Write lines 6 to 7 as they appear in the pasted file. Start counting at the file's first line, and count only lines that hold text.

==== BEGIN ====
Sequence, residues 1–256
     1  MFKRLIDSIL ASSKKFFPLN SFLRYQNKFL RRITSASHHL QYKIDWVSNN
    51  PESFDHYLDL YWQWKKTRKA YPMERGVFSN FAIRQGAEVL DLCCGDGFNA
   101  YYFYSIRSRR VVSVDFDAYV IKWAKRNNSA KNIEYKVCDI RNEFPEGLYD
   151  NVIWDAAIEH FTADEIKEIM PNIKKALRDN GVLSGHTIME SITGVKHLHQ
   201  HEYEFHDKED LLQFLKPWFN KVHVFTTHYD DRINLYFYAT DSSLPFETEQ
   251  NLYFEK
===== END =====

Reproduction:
   201  HEYEFHDKED LLQFLKPWFN KVHVFTTHYD DRINLYFYAT DSSLPFETEQ
   251  NLYFEK